Hawes to Hardraw Circular
about 5 miles (8.05km)
An easy ramble taking in a spectacular tourist attraction and pleasant country walking. (An all weather walk)
From Hawes leave the car park by crossing the disused railway line. Pass through the gate to join the road. Turn right, taking a footpath on your left signposted “Pennine Way” and cross the field along a paved path.
Rejoin the road and follow it over the River Ure. Ignoring the path signposted to Hardraw, climb the hill to a Pennine Way sign on the left above the tree.
Take the path over stiles and through pastures, with a fine view of Wensleydale, entering Hardraw opposite the Green Dragon Inn.
The name Hardraw comes from the Old English and means “the Shepherd’s dwelling”. The church was rebuilt in 1680 by the Earl of Wharncliffe.
Pass through the inn itself (fee payable), taking the main path into the wooded gorge. The impressive drop of Hardraw Force comes into view.
With an impressive drop of 96 feet, Hardraw Force is the highest above-ground, single drop waterfall in England. The acoustics of the natural amphitheatre are so good that an annual band contest, begun in the 1880’s, has now been revived and takes place every September; surely one of the finest settings in Great Britain.
Retrace your steps back through the public house then turn left and take the steps on the left of the inn. Cross a stile and follow the uphill path. Climb the field to a stile and join a farm track which takes you to a road. Turn left and, where the road bends right, go straight ahead to join a walled path leading to a footbridge.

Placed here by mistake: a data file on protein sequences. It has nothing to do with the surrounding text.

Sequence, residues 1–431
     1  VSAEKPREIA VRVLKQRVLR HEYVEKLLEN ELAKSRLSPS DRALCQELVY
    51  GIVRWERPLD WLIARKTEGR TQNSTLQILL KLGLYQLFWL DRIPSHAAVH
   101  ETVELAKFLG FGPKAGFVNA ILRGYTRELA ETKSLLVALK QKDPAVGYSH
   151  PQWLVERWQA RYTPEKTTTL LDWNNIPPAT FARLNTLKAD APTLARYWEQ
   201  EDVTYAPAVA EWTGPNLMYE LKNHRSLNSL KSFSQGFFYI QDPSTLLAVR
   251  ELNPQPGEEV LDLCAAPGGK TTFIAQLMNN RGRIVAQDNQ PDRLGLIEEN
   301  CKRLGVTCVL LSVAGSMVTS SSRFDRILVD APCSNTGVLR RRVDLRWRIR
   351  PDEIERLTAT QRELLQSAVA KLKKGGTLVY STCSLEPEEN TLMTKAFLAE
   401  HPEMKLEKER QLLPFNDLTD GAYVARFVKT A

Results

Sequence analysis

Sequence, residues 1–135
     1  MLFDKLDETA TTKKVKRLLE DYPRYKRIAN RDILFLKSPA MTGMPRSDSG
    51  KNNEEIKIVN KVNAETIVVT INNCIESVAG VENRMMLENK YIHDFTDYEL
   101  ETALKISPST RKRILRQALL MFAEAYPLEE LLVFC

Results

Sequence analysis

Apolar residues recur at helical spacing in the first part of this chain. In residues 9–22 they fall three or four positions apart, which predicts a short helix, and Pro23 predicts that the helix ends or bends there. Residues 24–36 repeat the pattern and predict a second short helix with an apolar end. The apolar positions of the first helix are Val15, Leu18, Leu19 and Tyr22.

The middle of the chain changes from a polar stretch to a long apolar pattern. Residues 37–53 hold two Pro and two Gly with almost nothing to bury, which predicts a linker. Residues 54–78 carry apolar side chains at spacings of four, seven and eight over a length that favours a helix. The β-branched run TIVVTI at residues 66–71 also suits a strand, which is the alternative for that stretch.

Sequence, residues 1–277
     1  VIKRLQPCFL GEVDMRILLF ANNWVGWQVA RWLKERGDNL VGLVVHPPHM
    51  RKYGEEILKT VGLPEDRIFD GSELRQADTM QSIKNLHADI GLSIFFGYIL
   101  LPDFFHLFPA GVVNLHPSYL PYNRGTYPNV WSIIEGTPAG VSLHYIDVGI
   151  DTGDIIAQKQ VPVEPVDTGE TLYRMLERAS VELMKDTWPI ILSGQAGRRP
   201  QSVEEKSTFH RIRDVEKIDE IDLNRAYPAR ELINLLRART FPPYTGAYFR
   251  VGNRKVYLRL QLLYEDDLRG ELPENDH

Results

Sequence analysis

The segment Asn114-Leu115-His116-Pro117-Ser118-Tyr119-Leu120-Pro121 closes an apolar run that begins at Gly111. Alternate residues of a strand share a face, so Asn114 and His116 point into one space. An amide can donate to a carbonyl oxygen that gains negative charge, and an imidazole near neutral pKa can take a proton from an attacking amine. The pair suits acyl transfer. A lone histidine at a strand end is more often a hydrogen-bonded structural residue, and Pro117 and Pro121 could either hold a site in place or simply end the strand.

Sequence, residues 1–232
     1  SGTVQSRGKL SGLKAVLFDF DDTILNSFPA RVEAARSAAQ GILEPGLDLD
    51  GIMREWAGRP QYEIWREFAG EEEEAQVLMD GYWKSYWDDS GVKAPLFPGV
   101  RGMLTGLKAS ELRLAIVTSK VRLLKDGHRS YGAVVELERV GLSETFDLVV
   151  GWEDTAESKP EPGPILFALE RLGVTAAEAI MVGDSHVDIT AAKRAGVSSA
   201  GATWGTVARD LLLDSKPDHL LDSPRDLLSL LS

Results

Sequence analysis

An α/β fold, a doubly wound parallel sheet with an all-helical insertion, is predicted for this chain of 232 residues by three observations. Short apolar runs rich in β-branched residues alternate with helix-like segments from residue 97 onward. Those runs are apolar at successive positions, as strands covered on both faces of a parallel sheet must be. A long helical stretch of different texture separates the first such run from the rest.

To explore the wooded stream above Hardraw Force, cross and follow the path upstream, recrossing at another footbridge. Once over, return to the first bridge and then the road. Follow the road to the hamlet of Simonstone.
Simonstone Hall Hotel is a splendid building, with glorious views over Wensleydale. It was built in 1733 and was originally the country home of the Earl of Wharncliffe, but has been a high class hotel for a number of years.
Proceed past the hotel to pass through a stile on the left just past a farm entrance. The path follows a straight line through several fields and over stiles towards Sedbusk. Two fields short of Sedbusk the path descends right, to a stile leading on to the road.
Cross the road to enter the next field through a stile and descend through further stiles to another lane. Again, cross into the next field and bear right, crossing a stile and an old footbridge. Follow the path to join the main road, turning left to cross the bridge.
Continue ahead, and re-trace your footsteps to the starting point in the old station yard. The arrival of the railway in 1877 brought the first tourists to this station; however in 1965 the track was removed. The Dales Countryside Museum and the National Park Centre which are both worth a visit.